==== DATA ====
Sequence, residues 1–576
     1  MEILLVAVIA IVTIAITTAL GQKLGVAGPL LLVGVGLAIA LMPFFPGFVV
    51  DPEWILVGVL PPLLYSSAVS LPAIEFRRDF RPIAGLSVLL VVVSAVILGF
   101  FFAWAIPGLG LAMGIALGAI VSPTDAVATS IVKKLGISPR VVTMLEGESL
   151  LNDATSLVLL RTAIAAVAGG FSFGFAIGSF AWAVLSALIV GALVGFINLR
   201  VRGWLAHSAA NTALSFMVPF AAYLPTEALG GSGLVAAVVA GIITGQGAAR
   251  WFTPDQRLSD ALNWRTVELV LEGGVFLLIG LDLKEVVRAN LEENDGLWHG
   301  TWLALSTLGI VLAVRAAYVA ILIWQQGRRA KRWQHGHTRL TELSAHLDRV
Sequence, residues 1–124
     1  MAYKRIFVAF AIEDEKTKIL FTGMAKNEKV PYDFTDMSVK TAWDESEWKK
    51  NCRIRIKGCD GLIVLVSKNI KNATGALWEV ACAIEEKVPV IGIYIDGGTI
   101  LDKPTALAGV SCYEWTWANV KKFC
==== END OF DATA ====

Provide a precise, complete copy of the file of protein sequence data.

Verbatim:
Sequence, residues 1–576
     1  MEILLVAVIA IVTIAITTAL GQKLGVAGPL LLVGVGLAIA LMPFFPGFVV
    51  DPEWILVGVL PPLLYSSAVS LPAIEFRRDF RPIAGLSVLL VVVSAVILGF
   101  FFAWAIPGLG LAMGIALGAI VSPTDAVATS IVKKLGISPR VVTMLEGESL
   151  LNDATSLVLL RTAIAAVAGG FSFGFAIGSF AWAVLSALIV GALVGFINLR
   201  VRGWLAHSAA NTALSFMVPF AAYLPTEALG GSGLVAAVVA GIITGQGAAR
   251  WFTPDQRLSD ALNWRTVELV LEGGVFLLIG LDLKEVVRAN LEENDGLWHG
   301  TWLALSTLGI VLAVRAAYVA ILIWQQGRRA KRWQHGHTRL TELSAHLDRV
Sequence, residues 1–124
     1  MAYKRIFVAF AIEDEKTKIL FTGMAKNEKV PYDFTDMSVK TAWDESEWKK
    51  NCRIRIKGCD GLIVLVSKNI KNATGALWEV ACAIEEKVPV IGIYIDGGTI
   101  LDKPTALAGV SCYEWTWANV KKFC